Slack Icon on 3D
Photo by Rubaitul A. on Unsplash

Using Slack to Chat with Your Team

Introduction

With teams often spread across the globe, finding a seamless way to keep everyone connected and informed is crucial. Enter Slack – the popular messaging and collaboration platform designed to bring your team closer, streamline discussions, and boost productivity. In this lesson, we’re learning about using Slack to chat with your training team, so that you can have fewer meetings and stay in sync, even if you’re spread around the world.

We will cover what Slack is, why you should use it, and how to use it most effectively. We’ll provide examples of setting up your channels, and then we’ll summarize our top tips.

Challenges online course creators can face if they don’t use Slack to chat with their team:

  • Communication delays can hinder quick decision-making
  • Difficulty in coordinating team efforts efficiently
  • Missed opportunities for instant feedback and collaboration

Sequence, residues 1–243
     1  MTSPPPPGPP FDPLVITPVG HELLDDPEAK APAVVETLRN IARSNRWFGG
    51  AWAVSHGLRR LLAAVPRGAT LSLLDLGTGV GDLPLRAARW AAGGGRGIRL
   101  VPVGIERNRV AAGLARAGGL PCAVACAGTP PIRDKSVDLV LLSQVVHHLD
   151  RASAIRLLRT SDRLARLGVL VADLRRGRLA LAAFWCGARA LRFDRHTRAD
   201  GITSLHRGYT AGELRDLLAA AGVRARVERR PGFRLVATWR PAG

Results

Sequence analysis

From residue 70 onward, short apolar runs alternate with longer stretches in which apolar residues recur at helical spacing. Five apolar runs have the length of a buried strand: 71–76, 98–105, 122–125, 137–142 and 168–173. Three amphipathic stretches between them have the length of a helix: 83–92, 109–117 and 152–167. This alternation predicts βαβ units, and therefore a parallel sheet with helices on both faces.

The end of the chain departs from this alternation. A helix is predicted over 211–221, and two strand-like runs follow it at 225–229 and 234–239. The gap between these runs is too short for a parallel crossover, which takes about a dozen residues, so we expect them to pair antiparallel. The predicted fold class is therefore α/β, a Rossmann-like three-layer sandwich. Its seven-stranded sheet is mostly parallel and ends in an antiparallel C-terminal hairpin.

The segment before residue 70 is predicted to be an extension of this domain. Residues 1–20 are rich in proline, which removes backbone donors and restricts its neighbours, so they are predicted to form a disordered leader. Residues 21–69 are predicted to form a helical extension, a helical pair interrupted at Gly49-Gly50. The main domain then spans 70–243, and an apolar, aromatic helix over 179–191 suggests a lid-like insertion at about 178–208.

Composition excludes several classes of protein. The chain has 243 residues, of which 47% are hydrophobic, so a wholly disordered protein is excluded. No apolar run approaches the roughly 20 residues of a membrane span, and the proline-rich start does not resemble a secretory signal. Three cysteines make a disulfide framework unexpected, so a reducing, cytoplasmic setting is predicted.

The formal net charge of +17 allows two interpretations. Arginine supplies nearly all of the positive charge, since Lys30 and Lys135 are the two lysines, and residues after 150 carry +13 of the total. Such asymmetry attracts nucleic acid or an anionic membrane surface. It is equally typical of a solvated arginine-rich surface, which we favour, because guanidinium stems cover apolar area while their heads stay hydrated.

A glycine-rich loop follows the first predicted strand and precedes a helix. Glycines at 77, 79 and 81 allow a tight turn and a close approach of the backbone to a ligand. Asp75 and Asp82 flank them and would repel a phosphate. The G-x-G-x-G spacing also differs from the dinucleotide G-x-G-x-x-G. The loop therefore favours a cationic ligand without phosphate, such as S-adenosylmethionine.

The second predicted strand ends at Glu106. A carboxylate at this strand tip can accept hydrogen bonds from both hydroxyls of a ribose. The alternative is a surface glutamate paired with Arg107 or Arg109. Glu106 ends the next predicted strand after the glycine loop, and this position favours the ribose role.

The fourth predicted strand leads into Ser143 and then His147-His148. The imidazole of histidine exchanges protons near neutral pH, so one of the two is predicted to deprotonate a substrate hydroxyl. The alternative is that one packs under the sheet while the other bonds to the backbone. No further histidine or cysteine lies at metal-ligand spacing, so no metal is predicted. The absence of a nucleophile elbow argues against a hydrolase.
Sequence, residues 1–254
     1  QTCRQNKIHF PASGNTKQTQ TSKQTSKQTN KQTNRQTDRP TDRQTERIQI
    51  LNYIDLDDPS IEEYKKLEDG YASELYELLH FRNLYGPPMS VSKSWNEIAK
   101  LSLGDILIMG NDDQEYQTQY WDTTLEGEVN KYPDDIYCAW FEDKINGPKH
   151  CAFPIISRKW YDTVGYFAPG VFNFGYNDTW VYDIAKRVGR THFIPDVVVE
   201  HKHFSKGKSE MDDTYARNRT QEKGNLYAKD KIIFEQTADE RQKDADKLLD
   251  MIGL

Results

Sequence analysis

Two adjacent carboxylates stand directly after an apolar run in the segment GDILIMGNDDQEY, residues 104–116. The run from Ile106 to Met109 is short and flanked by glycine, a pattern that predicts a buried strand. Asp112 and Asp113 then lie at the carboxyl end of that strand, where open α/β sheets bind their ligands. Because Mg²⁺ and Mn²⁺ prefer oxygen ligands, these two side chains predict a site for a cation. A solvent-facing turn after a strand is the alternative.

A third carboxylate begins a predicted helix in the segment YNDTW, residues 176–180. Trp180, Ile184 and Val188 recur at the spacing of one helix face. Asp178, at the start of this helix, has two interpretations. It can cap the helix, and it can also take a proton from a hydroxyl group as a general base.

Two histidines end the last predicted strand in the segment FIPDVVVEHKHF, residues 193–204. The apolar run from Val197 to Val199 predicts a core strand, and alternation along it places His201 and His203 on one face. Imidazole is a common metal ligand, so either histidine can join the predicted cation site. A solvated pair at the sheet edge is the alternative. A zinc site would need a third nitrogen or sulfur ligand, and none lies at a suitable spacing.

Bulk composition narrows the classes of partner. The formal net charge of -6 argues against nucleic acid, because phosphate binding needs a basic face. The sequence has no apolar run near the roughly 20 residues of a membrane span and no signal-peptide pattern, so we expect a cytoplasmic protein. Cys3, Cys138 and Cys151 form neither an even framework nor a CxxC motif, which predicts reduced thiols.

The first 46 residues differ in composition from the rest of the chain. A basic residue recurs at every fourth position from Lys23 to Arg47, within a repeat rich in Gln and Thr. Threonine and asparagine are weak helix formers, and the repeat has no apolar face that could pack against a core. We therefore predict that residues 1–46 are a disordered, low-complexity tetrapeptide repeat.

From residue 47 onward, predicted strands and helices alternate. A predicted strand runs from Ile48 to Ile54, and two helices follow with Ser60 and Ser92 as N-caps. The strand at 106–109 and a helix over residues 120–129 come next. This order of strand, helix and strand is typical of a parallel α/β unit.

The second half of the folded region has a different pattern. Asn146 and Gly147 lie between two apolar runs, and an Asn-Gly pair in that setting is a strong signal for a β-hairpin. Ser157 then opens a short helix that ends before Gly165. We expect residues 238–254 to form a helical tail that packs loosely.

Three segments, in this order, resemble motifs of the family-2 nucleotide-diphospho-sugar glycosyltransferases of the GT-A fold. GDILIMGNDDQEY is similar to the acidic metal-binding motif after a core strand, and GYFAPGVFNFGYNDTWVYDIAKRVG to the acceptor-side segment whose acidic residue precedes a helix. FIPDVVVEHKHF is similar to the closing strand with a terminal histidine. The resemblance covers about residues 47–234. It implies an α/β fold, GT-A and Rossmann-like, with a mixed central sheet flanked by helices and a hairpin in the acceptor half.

• Challenges in maintaining a centralized knowledge base
  • Potential for misalignment and confusion among team members

Video Lesson – Have Less Meetings and Remain In Sync As You Spread Around The World

Who Can Use?

Almost any teacher, professional, or coach can use Slack to collaborate and communicate with members of their teams.

  • To collaborate with editors, writers, and SEO experts, sharing drafts, discussing content ideas, and maintaining an editorial calendar
  • For real-time communication with clients and team members, sharing design concepts, gathering feedback, and organizing design assets efficiently
  • To communicate with garment manufacturers, quality control teams, and sales and marketing departments

This can work for educational businesses like graphic designers, bloggers, and pattern designers

What Is It

Slack is an instant messenger app for companies and groups that lets people chat in channels, also known as rooms. There have been many chat programs used in our personal lives or at work, but Slack is excelling. It’s a fantastic platform, and the best part is, it’s free. So whether you have a small team, a medium-sized team, or a ginormous team, it’s a worthwhile investment to keep your team in sync through Slack.

Using Slack to chat with your team refers to employing the Slack messaging and collaboration platform as a tool for real-time and asynchronous communication, facilitating efficient teamwork, information sharing, and coordination among team members, whether they are in the same office or scattered across different locations.

Why Use It?